"It is most laudable in a married woman to be devout, but she must never forget that she is a housewife. And sometimes she must leave God at the altar to find Him in her housekeeping."
~ St. Frances of Rome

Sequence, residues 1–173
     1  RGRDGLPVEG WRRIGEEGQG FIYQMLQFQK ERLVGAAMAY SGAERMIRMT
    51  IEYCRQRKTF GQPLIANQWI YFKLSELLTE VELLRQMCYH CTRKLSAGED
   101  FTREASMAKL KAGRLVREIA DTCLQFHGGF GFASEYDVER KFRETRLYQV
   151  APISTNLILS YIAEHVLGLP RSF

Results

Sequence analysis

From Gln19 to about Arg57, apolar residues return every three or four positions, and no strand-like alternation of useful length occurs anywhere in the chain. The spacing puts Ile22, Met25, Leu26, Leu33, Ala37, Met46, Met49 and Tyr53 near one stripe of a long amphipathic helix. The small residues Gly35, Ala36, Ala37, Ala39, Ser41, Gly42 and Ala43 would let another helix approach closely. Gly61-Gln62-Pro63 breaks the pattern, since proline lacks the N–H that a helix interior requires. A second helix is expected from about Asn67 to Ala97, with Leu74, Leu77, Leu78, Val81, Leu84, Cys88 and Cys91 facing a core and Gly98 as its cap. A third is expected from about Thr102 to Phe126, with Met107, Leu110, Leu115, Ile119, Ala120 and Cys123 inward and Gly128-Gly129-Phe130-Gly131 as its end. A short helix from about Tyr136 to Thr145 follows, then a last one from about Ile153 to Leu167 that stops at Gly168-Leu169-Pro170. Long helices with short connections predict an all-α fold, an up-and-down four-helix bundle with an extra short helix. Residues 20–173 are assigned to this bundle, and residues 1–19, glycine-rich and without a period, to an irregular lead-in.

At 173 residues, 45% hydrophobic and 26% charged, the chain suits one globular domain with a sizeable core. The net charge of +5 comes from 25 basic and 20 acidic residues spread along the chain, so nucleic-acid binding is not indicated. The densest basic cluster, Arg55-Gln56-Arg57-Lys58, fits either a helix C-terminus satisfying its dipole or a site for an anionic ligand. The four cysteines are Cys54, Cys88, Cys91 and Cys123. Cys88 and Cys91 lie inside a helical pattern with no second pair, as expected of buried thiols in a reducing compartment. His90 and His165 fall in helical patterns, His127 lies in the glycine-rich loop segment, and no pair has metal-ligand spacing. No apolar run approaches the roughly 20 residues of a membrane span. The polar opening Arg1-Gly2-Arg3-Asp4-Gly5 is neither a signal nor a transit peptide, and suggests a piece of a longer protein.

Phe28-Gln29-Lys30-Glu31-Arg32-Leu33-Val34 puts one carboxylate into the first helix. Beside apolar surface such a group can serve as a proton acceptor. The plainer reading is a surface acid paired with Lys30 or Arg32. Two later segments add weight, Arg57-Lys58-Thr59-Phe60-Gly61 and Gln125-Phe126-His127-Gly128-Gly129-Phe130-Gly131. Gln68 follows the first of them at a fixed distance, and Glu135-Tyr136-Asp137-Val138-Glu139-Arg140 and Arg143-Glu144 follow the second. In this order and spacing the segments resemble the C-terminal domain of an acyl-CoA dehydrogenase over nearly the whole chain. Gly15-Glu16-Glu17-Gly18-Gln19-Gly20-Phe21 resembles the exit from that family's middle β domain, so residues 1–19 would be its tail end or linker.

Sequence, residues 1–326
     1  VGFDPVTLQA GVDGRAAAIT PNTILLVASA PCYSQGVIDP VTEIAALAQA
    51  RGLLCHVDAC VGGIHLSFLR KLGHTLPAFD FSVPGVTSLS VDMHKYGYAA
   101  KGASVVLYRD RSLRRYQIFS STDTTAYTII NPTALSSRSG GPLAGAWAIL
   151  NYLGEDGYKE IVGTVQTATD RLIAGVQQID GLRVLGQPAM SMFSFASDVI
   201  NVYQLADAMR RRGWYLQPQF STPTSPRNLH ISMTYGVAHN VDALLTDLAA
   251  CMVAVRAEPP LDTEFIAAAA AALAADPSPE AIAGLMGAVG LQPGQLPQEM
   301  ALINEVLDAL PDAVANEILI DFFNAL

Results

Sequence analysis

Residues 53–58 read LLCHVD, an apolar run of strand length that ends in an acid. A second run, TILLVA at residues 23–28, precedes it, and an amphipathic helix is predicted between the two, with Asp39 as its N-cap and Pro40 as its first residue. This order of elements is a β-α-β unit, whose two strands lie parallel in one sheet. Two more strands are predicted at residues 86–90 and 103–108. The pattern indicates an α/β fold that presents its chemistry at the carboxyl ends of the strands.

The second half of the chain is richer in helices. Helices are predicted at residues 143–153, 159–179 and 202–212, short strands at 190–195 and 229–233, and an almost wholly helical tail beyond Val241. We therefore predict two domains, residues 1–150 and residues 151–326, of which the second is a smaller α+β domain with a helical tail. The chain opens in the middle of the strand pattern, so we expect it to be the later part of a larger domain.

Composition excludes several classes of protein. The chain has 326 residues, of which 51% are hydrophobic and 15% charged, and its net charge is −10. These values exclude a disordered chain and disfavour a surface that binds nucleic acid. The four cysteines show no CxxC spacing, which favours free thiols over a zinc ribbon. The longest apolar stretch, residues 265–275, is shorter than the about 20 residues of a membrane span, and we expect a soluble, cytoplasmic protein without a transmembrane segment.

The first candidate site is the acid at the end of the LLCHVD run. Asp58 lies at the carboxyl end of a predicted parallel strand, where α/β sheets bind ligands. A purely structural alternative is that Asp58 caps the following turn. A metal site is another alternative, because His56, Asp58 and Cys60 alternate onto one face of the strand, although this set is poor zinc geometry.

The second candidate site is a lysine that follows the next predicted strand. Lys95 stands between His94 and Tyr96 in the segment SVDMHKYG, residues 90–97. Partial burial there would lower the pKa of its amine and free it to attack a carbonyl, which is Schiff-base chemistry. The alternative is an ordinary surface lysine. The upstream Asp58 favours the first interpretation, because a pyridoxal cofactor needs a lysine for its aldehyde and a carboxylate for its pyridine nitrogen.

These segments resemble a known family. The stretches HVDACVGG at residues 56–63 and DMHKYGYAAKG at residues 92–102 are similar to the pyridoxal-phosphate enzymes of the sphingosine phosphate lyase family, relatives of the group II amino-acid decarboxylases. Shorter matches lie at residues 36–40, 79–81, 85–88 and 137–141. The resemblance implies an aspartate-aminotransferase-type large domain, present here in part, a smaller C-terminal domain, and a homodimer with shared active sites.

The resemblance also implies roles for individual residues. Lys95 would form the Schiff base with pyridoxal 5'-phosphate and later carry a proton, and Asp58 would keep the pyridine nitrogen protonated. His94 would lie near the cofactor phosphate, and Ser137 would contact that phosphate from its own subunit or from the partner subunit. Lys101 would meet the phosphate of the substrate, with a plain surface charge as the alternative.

Today, we celebrate the life of a wonderful saint whose beautiful life lay not in great deeds or asceticism but in small, everday, unfailing sacrifice for others. St. Frances of Rome (1384-1440) wanted to live the religious life but her parents refused and she was married to a nobleman. With her husband's blessing, she and her sister-in-law, who had also wanted to be a nun, spent much time devoting themselves to the poor. Once the young wives bore children, they were convicted to turn much of their energy and efforts inward, spending their devotion largely on their families rather than public ministry. It wasn't until years later when, tragically, her children had died from the plague, that Frances again began living more like a religious, devoting herself more extensively to the care of the poor, even selling all she had in order to care for plague victims. She also turned a wing of her grand house into a hospital. Still, she remained faithfully with her husband until his death, at which time she finally entered the convent life to live in religious community. St. Frances allowed God to use her just where she was, though she might have desired another life. She trusted that He had put this fire in her for a reason, and she waited on His perfect timing to finally grant her greatest wish.